Orders were issued, but later rescinded, that “uniforms should be concealed while in a public place, particularly when travelling alone or from home to unit.”
The new rules will apply to more than 200,000 officers across the country.
Listening station GCHQ has picked up terrorist “chatter” on the subject of targeting a British police officer–seen as a symbol of the establishment.
MI5 is now examining intelligence that scores of personal social media profiles of police officers are being monitored by jihadists in order to glean information about their personal lives.
A series of arrests were made in October on a group of UK-based IS jihadists who were monitoring the Instagram accounts of four police officers.
Officers are currently given guidance on the responsible use of social networking sites.
ACPO released document last year called “Guidelines on the Safe use of the Internet and Social Media by Police Officers and Police Staff” which warns against revealing personal information.
Section 8 of the report relates is headlined Keeping Your Private Life Private, advising officers that “criminals and others may seek to use the Internet and social media to identify personal information about police officers”.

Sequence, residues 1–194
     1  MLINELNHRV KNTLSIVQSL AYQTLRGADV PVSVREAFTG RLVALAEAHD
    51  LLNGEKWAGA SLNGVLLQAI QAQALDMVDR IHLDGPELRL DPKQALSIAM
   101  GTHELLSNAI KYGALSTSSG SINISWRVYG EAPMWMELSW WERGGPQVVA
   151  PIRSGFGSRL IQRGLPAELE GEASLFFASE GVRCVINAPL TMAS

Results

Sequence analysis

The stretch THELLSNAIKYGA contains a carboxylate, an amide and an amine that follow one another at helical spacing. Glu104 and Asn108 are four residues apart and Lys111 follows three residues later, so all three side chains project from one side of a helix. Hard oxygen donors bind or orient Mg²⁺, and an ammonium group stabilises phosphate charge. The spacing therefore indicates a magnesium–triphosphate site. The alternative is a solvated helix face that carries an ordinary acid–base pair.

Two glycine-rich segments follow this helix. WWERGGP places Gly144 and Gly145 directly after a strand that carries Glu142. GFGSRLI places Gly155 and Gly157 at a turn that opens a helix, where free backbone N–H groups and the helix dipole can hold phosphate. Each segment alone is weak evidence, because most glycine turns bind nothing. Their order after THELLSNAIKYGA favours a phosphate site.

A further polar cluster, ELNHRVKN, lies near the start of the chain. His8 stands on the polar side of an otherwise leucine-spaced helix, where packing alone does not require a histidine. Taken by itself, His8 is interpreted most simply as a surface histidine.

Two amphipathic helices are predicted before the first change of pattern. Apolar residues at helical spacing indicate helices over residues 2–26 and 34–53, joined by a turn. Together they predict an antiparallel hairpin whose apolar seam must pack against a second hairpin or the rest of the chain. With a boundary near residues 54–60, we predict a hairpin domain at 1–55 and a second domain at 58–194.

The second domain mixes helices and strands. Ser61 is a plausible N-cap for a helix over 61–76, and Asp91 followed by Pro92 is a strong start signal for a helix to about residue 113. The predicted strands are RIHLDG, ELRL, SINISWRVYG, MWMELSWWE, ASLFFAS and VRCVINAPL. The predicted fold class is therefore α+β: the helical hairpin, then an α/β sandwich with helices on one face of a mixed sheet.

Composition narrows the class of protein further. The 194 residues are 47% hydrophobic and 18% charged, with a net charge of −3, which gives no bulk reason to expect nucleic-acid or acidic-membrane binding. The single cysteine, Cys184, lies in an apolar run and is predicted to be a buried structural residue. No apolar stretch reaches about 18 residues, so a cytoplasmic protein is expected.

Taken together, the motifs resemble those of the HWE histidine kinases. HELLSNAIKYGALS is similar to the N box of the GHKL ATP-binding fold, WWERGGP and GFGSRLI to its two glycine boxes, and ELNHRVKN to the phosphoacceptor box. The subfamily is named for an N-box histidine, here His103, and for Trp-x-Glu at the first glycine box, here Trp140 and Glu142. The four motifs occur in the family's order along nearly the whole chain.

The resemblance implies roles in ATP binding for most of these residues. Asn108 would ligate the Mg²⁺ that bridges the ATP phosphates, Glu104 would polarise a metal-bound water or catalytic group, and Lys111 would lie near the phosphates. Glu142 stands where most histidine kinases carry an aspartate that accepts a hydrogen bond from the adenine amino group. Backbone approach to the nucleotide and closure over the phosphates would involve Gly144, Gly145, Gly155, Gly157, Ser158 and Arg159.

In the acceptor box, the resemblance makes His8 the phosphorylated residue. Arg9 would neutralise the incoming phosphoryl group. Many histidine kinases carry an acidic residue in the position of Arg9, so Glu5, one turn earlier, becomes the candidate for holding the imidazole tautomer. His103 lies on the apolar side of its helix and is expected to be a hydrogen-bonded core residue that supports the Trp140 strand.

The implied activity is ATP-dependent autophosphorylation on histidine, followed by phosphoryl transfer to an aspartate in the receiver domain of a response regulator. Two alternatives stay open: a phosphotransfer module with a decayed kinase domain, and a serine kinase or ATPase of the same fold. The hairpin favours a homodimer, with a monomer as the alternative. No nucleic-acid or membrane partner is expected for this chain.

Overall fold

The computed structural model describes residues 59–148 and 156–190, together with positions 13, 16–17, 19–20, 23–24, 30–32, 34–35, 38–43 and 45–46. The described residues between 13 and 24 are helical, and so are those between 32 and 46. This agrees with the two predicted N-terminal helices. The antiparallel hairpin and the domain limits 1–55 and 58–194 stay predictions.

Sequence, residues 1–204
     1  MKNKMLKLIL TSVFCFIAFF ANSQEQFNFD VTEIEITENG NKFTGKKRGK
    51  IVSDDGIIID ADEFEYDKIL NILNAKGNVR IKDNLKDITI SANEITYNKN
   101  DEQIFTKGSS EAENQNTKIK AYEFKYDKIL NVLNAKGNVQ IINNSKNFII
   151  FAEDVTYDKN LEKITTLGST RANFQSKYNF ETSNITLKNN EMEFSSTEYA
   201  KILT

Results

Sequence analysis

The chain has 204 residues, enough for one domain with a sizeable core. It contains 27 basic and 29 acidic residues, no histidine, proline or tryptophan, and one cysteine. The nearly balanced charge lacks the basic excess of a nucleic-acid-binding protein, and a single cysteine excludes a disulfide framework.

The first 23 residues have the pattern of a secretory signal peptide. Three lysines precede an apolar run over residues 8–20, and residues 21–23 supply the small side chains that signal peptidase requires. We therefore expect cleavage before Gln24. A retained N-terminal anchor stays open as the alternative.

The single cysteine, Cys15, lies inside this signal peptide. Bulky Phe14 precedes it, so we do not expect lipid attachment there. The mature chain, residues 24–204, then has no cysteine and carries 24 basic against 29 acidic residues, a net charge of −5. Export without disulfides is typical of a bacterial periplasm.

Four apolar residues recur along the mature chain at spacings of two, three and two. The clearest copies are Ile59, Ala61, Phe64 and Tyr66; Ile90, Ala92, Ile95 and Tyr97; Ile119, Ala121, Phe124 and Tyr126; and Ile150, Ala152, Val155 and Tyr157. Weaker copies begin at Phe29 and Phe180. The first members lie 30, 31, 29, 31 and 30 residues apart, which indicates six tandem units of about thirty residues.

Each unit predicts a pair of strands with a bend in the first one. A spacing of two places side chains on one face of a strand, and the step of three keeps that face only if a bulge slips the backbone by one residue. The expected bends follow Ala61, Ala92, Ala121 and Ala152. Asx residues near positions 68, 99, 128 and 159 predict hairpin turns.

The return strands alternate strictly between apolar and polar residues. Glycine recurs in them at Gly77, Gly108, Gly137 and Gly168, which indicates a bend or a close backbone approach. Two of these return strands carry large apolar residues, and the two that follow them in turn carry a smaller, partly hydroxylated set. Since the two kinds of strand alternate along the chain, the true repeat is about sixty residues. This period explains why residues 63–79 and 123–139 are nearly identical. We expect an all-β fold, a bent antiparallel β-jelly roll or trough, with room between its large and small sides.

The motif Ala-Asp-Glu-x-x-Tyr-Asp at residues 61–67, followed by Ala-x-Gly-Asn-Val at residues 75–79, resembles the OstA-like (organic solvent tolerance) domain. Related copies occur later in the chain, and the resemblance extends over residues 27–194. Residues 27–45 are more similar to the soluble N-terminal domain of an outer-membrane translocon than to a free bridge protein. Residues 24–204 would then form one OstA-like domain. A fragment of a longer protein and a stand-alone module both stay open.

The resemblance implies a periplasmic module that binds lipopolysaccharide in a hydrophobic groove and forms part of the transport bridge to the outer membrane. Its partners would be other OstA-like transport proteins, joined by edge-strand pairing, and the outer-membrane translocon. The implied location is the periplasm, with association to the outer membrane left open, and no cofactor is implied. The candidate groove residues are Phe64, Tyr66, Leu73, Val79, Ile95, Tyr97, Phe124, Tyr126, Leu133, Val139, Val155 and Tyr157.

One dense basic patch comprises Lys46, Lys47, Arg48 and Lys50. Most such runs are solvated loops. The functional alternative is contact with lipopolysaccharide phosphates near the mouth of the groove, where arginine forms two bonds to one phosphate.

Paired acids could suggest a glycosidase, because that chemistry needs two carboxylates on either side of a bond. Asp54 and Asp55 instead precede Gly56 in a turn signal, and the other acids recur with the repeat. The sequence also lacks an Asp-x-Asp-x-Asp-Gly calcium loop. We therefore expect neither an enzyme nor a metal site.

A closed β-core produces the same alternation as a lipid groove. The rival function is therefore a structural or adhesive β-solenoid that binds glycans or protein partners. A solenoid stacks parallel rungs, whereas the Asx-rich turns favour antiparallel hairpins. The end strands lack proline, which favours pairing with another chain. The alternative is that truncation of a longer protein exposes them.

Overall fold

It also says that police officers “in rural locations, in sensitive posts, with uncommon names, or in high profile posts are particularly vulnerable to such attempts”.
Officers are also advised not to use Location Based Services (LBS), which allow social media users to “check in” to a particular location, giving away where they are.
Despite the warnings, hundreds of officers across the country have not applied basic privacy settings to their social network accounts leaving themselves vulnerable.
Security expert Neil Doyle said: “It makes perfect sense that terrorists would be using social media to scout for targets.
“Other criminals such as burglars are known to monitor online chatter to see who in a particular area might be out for the evening or has gone on holiday.
“They can then break into those houses knowing that the risk of them being discovered by the occupants is minimal.